Pigtown:All Things Baltimore

Baltimore call itself a City of Neighborhoods. Each and every one of these neighborhoods contributes to Baltimore as a whole. Some things about Baltimore are good while others aren't so good. One thing about Baltimore is that despite the bad press, it's trying harder than ever to become a world class self sustained American City.
Now what makes Baltimore Baltimore? The following list of is a combination of Baltimore's assets and challenges in no particular order. Gentrification, redevelopment, crabs, Babe Ruth, John Waters, Bee Hive Hairdos, Ethnic Population, Black Population, narrow row homes, vacant lots and buildings, crime, sanitation, drugs, prostitution, Corner Stores, Underground Punk Rock Scene, Proud of its quirky history, low High School Enrollment, rotting industrial buildings, Population influx, Population living in the same place for generations, and Marble front steps. Good or bad, this is Baltimore, home to 640,000 residents from Violetville to Lauraville. Now what if there were a neighborhood that was a micro organism for Baltimore as a whole? Well guess what? I've found one; for better or worse it's Pigtown: All Things Baltimore.
Pigtown got its name from the Pigs who ran the streets from the B&O Railroad Station to the many Slaughter Houses that graced the neighborhood. Not all Pigs made it there though, residents were known to snatch one up for dinner. Lately gentrification has de emphasized Pigtown's history thinking its name would turn perspective residents away. They thought "Washington Village" was more fitting. A true Baltimoron, would turn their nose at such a notion and embrace their quirky and proud to call Pigtown Home. Residents still celebrate their history with their annual "running of the pigs" it's exactly what it sounds like.The Corner Store and Watering Hole once was the principal source of neighborhood retail for Baltimore. Baltimore has largely abandoned this but Pigtown, with a few scattered exceptions has kept this tradition alive. If you look and listen closely in Pigtown, you may stumble upon an Underground Punk Rock Scene. This is a little known fact about Charm City but lots of Baltimore's diverse working class neighborhoods house some of tomorrow's budding Punk Rockers. Although born in Ridgley's Delight, Babe Ruth roamed the streets of Pigtown before being forced into St. Marys. John Waters credits Pigtown for keeping its quirky spirit alive and can be seen at SoWeBohemian Arts Festival where the number of BeeHive Hairdos give Hampden's "Hunfest" a run for its money.
Baltimore's housing stock is diverse however, the narrow 2 bedroom 1 bath row home reigns king. This is especially true in Pigtown. If you go to Baltimore and all you see are luxury condos, step away from the Harbor into Pigtown, and pretty much any other neighborhood that isn't "on the water." Although some have been demolished due to extreme blight and neglect Pigtown has vacant row homes that are in much better structural shape than its peers. Could this be your new home? You'd be surprised what a little elbow grease can amcomplish, just any Pigtown resident who's done a complete row house rehab they're easy to find.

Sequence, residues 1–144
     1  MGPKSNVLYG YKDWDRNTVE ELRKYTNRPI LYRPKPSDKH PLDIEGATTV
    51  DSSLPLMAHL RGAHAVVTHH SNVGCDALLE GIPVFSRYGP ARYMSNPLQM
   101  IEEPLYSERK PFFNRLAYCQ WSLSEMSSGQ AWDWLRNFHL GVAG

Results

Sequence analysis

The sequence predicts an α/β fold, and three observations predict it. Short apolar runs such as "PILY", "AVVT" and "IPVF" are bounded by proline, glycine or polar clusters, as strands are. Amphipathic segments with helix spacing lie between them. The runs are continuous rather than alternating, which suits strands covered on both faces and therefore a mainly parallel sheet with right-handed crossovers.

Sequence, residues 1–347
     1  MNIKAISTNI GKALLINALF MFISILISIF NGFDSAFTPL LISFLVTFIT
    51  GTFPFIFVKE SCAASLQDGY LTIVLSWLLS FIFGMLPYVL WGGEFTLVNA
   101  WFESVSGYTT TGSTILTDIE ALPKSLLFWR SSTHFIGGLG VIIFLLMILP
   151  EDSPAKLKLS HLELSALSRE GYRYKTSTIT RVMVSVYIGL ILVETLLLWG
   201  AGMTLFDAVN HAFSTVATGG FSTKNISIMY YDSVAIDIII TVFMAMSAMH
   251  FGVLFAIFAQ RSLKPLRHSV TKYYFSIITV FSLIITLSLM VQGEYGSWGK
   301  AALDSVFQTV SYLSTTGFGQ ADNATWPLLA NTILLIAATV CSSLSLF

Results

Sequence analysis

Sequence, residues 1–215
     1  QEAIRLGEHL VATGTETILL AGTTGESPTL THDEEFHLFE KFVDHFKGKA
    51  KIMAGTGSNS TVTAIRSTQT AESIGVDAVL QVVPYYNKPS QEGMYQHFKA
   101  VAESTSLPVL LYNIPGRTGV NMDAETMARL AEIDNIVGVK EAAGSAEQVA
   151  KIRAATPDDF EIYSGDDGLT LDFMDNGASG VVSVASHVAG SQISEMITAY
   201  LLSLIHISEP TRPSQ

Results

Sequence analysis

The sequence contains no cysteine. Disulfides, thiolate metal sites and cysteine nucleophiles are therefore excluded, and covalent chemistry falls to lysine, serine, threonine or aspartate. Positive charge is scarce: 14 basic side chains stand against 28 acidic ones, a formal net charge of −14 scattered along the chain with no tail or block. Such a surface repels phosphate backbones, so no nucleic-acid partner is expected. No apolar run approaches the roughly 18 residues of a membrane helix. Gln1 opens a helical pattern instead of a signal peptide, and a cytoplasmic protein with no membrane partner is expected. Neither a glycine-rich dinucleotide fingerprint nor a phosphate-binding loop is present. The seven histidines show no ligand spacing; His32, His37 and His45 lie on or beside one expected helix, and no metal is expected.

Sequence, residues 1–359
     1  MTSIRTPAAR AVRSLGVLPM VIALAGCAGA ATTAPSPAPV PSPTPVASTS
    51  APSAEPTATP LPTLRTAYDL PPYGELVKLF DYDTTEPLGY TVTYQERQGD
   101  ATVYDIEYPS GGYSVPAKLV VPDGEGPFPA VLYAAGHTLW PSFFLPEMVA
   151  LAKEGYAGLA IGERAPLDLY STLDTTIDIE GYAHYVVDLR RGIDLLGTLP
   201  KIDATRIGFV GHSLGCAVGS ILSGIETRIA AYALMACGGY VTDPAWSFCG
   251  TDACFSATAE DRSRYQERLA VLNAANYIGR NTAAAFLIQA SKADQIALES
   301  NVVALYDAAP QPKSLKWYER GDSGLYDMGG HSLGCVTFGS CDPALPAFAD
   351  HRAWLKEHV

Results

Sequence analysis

Not all Pigs fly in Pigtown. It still struggles with Vacant Buildings, Homicides, Public Health, and low High School Enrollment. This mirrors Baltimore's largest struggles and is not being taken lightly. In an effort to deter crime Pigtown has organized "nights out", neighborhood watch, and Citizens on Patrol. Public Health and Low High School haven't been as successful with drug use and prostitution still rampant on the streets of Pigtown. The two go hand and hand unfortunately. Baltimore has been phasing out traditional High Schools including Southwestern where Pigtown was in the attendance area of. The City is banking on the fact that "Smaller Learning Communities" that emphasize Career finding and Magnet Programs that appeal to students will curb the City's high drop out rate. So far Baltimore's dropout rate is falling which menas that its graduation rate is climbing. Pigtown's drawing power is slowly solving the problem of vacant homes and store fronts.The racial makeup of Pigtown is one Baltimore's most diverse. According to the 2000 Census Pigtown was 49% White, 45% Black 4% Asian 1% Hispanic. Today, I beileve Pigtown to be 43% White 51% Black 5% Asian 2% Hispanic It's more White than and less Black than Baltimore as a whole but boasts one of Baltimore's largest Asian Populations. It's right in line with Baltimore as far as the Hispanic population goes. Pigtown is not a victim of White Flight. Pigtown's Population influx includes new White residents. On the flip side Pigtown has Black residents who have lived there for generations.In the form of gentrification in Pigtown, it came with the development of the Camden Crossing town home development. Although successful, it doesn't quite coincide with the traditional row home development of Pigtown. Camden Crossing however, is graced with tree lined streets, the homes are wider, many with two car garages. Camden Crossing is known as a "Brownfields" redevelopment site as it was built on former industrial land.
Gentrification isn't confined to Camden Crossing alone. Washington Bulevard has been designated as a "Main Street" which has brought new businesses into Pigtown. The above photo shows how close Pigtown is to Downtown. This proximity shows that Pigtown can capture potential Harbor Dwellers who prefer a traditional Urban Neighborhood like Pigtown.
This post shows how Pigtown has made amazing strides in the past several years and how Baltimore, the City of Neighborhoods has a microorganism known as Pigtown whose attributes mirror that of the City and 640,000 of its residents. Pigtown is truly All Things Baltimore.